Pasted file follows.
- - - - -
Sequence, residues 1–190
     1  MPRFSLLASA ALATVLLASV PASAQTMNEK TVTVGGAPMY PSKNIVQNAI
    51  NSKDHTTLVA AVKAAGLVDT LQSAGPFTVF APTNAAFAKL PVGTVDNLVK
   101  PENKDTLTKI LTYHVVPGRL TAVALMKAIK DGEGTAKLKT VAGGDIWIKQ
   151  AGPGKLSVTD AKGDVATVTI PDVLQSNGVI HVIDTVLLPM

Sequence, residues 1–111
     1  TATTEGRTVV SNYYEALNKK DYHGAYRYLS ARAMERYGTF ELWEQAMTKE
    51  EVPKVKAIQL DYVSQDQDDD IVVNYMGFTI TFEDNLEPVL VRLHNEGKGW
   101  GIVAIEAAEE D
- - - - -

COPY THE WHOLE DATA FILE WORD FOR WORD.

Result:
Sequence, residues 1–190
     1  MPRFSLLASA ALATVLLASV PASAQTMNEK TVTVGGAPMY PSKNIVQNAI
    51  NSKDHTTLVA AVKAAGLVDT LQSAGPFTVF APTNAAFAKL PVGTVDNLVK
   101  PENKDTLTKI LTYHVVPGRL TAVALMKAIK DGEGTAKLKT VAGGDIWIKQ
   151  AGPGKLSVTD AKGDVATVTI PDVLQSNGVI HVIDTVLLPM

Sequence, residues 1–111
     1  TATTEGRTVV SNYYEALNKK DYHGAYRYLS ARAMERYGTF ELWEQAMTKE
    51  EVPKVKAIQL DYVSQDQDDD IVVNYMGFTI TFEDNLEPVL VRLHNEGKGW
   101  GIVAIEAAEE D